Tailored Training and Resources for All RSOs: The needs-based model allows the Center for Leadership and Involvement staff to hone in on the exact resources and training that is appropriate for each organization based on their position on the needs spectrum. Required student leader training is transformed from a single event which atempts to meet the needs of all groups into a series of targeted training sesions that engage students on the level that resonates with them.

The Role of Student Organization Advisors All RSOs are completely student-run organizations. Leadership positions and voting are limited to currently registered students, and all decisions are made by students. The role of advisors is to challenge and support organizations with group development, decision making, policy interpretation, and the student-led execution of student-intitiated ideas.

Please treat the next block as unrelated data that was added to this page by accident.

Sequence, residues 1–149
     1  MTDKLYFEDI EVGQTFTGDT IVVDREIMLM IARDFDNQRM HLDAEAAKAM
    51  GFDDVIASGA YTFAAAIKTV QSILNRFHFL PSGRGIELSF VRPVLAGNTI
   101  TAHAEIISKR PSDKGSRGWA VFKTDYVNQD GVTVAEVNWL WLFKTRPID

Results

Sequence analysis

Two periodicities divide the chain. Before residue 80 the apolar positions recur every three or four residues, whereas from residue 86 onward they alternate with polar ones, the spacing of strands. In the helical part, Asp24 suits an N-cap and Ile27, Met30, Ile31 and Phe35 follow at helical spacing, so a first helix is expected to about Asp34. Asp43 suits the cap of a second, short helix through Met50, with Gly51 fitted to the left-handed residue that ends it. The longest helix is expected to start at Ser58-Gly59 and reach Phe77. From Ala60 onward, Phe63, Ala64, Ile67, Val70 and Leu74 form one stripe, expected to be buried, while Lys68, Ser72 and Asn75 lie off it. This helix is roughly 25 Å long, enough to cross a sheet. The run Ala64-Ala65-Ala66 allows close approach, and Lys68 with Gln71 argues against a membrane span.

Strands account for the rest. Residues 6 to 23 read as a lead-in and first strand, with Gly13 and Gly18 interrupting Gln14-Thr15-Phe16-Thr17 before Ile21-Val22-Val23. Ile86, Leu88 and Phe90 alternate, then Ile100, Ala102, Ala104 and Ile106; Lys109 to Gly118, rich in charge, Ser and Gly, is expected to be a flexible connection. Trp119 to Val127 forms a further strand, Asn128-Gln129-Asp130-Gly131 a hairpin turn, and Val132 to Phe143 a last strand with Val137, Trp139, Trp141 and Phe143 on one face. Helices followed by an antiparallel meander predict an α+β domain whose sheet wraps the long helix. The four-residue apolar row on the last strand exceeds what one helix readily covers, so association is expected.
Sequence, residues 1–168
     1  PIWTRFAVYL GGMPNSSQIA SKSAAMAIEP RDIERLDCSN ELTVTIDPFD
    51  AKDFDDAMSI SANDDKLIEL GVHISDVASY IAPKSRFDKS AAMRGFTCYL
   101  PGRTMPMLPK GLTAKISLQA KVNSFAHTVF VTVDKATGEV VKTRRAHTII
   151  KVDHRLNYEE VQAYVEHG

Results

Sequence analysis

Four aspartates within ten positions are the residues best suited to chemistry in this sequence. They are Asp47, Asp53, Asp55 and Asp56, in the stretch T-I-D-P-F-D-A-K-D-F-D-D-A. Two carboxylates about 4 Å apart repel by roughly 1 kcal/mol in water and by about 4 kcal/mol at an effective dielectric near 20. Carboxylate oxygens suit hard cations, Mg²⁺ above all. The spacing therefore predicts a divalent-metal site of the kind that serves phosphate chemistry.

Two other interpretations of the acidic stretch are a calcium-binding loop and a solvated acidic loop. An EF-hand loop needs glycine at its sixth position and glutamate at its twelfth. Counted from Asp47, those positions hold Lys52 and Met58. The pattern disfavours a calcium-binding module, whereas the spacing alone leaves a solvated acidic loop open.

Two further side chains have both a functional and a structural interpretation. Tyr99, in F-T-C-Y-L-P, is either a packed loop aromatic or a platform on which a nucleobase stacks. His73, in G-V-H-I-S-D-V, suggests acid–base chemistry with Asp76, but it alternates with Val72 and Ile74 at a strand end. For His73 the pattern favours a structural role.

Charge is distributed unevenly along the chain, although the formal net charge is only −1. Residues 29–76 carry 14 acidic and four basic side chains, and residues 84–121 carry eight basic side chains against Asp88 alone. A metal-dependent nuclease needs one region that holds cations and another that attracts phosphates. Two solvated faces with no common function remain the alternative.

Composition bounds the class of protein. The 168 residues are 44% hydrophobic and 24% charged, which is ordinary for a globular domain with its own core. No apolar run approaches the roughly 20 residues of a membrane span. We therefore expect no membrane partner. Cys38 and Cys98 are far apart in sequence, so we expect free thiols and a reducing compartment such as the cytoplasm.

The Different Types of Advisors Student organizations can find support from a number of different sources. Each type of advisor can be extremely useful in very different ways. Your assigned RSO advisor (or the team of Peer Advisors) is one of your most valuable resources and you are expected to remain in contact with them. They can be helpful in understanding how you can use each of you rother advisors to best support your organization.